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Narnia - where's the damn gore

18/11/2005. Contributed by Jessica Martin

Buy Chronicles of Narnia in the USA - or Buy Chronicles of Narnia in the UK

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The new Chronicles of Narnia film features a battle with children, minotaurs, polar bears and talking wolves, but no bloodshed.

The US magazine Newsweek has been given an exclusive look at a rough cut of the upcoming film version of C. S. Lewis's classic fantasy, The Chronicles of Narnia: The Lion, the Witch and the Wardrobe, a PG-rated movie about, and for, families that features a pitched battle with children, Minotaurs, polar bears and talking wolves, but no bloodshed.

But, as Senior Editor Jeff Giles reports in the November 7th issue of Newsweek, Narnia has already been the subject of a strange debate online and in newspapers. Will the movie be too religious for a wide audience? Might it not be religious enough for Lewis's Christian fans? The speculation is understandable, partly because the climax of the tale can be read as an allegory for Jesus' death and resurrection.

The movie opens with a sequence just hinted at in the novel: a swarm of German bombers attack London during World War II, and Mrs. Pevensie packs her children off for the countryside to live under the benign neglect of a mysterious professor (Jim Broadbent). Soon Peter, Susan, Edmund and Lucy tumble through the wardrobe into Narnia, where it has long been prophesied that two daughters of Eve and two sons of Adam would free Narnia from Jadis's rule and help the noble lion Aslan usher in spring, at the expense of his own death and rebirth. Aslan (voiced by Liam Neeson) is a magnificent bit of computer animation, whether or not you think he's Jesus, Giles reports.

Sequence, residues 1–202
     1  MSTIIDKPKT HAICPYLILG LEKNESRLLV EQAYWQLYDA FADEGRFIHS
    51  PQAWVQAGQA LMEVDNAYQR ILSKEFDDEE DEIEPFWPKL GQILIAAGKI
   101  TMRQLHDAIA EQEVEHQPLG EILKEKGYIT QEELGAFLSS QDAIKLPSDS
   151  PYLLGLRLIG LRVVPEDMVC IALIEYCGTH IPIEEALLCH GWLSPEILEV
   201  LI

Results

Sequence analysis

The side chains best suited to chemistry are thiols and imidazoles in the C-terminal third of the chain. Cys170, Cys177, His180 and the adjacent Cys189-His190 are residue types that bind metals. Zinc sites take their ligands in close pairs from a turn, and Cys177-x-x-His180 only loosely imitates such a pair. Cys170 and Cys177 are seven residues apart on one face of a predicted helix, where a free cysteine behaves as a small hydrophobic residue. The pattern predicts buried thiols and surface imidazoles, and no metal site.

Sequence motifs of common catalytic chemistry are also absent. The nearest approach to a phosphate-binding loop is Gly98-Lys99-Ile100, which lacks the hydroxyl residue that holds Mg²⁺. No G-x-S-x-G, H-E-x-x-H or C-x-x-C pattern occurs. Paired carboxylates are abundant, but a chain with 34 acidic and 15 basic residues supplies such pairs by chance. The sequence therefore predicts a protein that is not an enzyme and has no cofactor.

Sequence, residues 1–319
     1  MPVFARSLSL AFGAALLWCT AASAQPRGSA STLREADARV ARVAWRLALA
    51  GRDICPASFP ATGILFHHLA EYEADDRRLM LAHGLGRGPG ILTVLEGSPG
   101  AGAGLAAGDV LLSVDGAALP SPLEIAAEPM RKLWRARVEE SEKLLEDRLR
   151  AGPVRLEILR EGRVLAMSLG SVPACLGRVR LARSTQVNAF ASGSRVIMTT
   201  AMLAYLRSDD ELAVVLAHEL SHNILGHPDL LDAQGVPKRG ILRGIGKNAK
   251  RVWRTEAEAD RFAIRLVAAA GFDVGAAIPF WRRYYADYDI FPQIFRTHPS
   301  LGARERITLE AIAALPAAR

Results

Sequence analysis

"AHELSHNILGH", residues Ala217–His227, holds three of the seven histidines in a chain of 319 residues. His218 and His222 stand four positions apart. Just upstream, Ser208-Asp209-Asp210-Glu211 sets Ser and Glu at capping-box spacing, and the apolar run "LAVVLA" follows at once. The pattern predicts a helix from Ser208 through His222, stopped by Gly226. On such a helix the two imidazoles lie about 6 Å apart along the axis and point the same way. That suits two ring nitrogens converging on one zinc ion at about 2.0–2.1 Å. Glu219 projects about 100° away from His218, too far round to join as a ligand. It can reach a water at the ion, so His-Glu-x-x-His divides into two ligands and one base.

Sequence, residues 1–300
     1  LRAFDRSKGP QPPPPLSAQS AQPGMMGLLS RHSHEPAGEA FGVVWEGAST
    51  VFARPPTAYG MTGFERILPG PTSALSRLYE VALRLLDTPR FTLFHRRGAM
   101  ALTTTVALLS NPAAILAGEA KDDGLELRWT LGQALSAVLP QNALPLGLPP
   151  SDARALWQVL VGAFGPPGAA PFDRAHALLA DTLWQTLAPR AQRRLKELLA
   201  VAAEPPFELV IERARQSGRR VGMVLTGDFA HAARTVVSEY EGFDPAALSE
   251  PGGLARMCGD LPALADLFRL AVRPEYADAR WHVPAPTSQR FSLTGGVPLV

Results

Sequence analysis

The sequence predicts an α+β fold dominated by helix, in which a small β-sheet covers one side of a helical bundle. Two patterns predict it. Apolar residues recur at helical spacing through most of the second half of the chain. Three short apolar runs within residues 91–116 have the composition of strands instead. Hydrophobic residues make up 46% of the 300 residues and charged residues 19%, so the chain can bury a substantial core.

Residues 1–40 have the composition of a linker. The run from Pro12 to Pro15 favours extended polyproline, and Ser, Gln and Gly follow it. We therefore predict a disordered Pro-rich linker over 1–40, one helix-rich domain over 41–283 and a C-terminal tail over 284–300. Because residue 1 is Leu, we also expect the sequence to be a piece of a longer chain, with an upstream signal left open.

Director Andrew Adamson was not interested in replicating the often unsettling imagery of The Lord of the Rings. The gentleness of his movie may frustrate some bloodthirsty teenage boys but should appeal to previously disenfranchised folks interested in a more childlike, less operatic style of fantasy, Giles reports.

While no one will jinx the endeavor by making box-office predictions, one source believes that if this first Narnia movie makes $200 million, another installment, based on Prince Caspian, will hit the ground running.

Adamson told Newsweek he's too exhausted to imagine ever directing again, but, asked if he could really let the Pevensie children go - let alone the lovely kids who play them so winningly - he laughs and shakes his head. "That's what's gonna suck me in," he says.

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